Wildfire Safety Tips That Could Save Your Life
Wildfires can occur for a variety of reasons, but most are caused by human actions, whether directly (ie unattended campfires, fireworks) or indirectly (transformer sparks, powerline arcing, etc). The National Park Service estimates that only about 10% of wildfires are started by natural causes such as lightning.
Regardless of how they are started, they are highly unpredictable and can be deadly. With the severe heat, drought conditions, and wildfires currently burning across much of the western US states, those who are out adventuring need to be aware of wildfire conditions and what can be done to keep you and your family safe in the backcountry.
Know the current wildfire conditions and fire restrictions for the area you are traveling.
Check with the national forest, state, and county as individual governing entities may have different restrictions. Driving routes may be impacted, so check your route for road closures and cautions. Also, keep in mind that fire conditions and restrictions can change often, so check frequently so that you know what is permitted or restricted. Closures and restrictions aren’t put in place to ruin your vacation; they are put in place for safety reasons. Take them seriously.
Choose a campsite that has more than one escape route.
Have more than one way that you can leave the area. You might be tempted to camp way up in that canyon near the end of the road, but if your access is cut off from a fire, you will have no way to leave.
Park for a quick departure.
Back into the spot if you need to so that should you need to leave quickly, you don’t have to worry about jockeying around in the smoke to get out.
Don’t start a wildfire.
This involves knowing what is not allowed and being responsible for your actions. Make sure that you don’t spill flammable liquids and that any cook stoves or lanterns are cold to the touch before storing them. Seemingly innocuous things like smoking outside or mosquito candles may lead to fire danger under the right (or wrong) conditions. If you are permitted to have a campfire, be sure it is completely extinguished before you leave.
The sooner a problem is reported, the faster people can start taking action to get it under control or extinguished.
Don’t discard cigarettes, matches, or smoking materials on the ground.
Drown them in a glass of water, then put them in the trash. No one wants to see that litter anyhow.
If you are asked to evacuate, do so immediately.
If you are boondocking, there is likely not going to be anyone to tell you that a fire is in the area, so be aware of conditions and get yourself out if you see or smell smoke. Do not be tempted to linger for photos. Don’t drive slowly looking at flames.
If everything has gone wrong…
You are in trouble. Don’t try to outrun the fire. If possible, get yourself submerged in a body of water (pond, river) as fast as you can. If there is no water, find a depression (low area) with as little vegetation as possible. Lie low to the ground and cover yourself with wet clothing. Protect your lungs as best as you can and stay down until the fire passes.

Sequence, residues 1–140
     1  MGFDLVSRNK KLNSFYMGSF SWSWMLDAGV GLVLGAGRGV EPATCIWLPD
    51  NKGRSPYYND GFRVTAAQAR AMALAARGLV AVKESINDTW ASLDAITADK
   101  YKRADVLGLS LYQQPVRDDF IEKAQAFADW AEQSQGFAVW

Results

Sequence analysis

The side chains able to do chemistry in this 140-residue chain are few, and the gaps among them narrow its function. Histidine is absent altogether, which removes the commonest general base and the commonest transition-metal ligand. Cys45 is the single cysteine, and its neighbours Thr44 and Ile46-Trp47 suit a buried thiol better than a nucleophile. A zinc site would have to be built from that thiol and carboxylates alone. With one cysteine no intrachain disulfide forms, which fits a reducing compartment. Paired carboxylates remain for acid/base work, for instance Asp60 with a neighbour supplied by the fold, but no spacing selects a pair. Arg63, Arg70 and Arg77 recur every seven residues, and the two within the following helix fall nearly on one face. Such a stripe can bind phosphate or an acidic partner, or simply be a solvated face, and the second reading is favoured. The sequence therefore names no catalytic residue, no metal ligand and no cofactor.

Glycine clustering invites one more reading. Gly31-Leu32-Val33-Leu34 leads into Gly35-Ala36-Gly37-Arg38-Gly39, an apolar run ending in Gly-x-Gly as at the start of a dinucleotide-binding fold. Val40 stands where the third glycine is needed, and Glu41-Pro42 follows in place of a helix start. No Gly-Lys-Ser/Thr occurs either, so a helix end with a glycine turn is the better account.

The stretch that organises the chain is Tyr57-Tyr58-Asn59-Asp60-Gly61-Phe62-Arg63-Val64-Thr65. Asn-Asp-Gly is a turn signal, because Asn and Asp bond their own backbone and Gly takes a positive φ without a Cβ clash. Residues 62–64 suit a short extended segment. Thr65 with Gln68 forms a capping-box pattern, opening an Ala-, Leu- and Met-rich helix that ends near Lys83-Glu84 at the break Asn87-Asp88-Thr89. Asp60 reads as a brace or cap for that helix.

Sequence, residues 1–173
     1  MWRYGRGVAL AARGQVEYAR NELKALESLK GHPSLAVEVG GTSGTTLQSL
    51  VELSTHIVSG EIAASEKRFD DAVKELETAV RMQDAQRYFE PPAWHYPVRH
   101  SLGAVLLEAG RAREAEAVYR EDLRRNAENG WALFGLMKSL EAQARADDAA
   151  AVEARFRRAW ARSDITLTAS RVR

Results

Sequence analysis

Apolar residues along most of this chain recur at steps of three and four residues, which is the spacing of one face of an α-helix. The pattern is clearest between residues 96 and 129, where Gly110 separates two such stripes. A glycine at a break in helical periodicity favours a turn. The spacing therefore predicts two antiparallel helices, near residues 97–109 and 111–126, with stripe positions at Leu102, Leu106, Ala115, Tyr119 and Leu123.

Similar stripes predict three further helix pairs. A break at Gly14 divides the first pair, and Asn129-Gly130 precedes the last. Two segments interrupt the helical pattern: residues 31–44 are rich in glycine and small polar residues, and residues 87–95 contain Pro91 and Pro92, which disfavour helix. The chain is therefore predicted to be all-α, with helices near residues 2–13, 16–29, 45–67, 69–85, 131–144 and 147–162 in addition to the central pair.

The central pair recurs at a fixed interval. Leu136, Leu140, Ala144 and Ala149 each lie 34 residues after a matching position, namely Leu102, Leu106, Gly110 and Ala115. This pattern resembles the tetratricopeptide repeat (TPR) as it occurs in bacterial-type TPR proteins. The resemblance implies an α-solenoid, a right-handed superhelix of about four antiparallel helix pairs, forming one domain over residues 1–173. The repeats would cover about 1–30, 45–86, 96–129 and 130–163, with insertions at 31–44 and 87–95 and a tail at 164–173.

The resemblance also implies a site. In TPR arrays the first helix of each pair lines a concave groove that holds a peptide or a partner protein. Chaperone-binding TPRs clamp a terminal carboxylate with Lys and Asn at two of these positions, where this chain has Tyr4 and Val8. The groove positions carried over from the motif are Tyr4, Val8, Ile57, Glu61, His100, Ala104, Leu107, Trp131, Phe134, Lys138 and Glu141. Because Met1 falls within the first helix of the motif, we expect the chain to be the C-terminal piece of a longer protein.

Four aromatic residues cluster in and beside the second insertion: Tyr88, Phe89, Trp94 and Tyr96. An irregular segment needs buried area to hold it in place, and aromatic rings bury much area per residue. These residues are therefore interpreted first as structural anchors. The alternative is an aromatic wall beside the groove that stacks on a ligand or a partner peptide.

If you see wildland firefighters, THANK THEM.
Many of them are volunteers and are doing dangerous work away from their families. Don’t loiter or get in their way, just say thank you and do what they ask you to do.
Jim Black says
Great! The most important article I’ve read in a travel magazine. We live in the Washington Cascades surrounded by forest. I can tell you that every summer when the helicopters start dipping for water in front of our house, I am finding out exactly where the fire is and planning an escape. Firefighters ARE heroes in my book.
Thanks for publishing this for everyone.
You really do not need a campfire when it’s 80 degrees plus out there. Have a little common sense when the forests are tinder dry.
Kelly Andersson says
Most wildland firefighters are NOT volunteers; they are federal or state employees — mostly seasonal or temp employees — along with some contract crews. Calling “the park service” is silly advice, when most wildland fires are not on NPS land.
Daily updates are posted by region. http://gacc.nifc.gov
Click on the map and look under “Intelligence” for the morning report or the situation report.
Updated fire news is also posted at http://wildfiretoday.com
There are two critically important rules for RV people that aren’t even mentioned here. One is to DO WHAT YOU’RE TOLD if a firefighter or sheriff’s deputy tells you where to go. Don’t try to be clever and figure out a better route or a way to stay where you are. Read John Maclean’s book THE THIRTYMILE FIRE.
AND — make absolutely certain your towing vehicle and RV are meticulously maintained. Just about every year there’s a rip-roaring wildfire started by an RV going down the road dragging a chain or a metal part, sparking along the roadway igniting fine fuels. Don’t be that guy.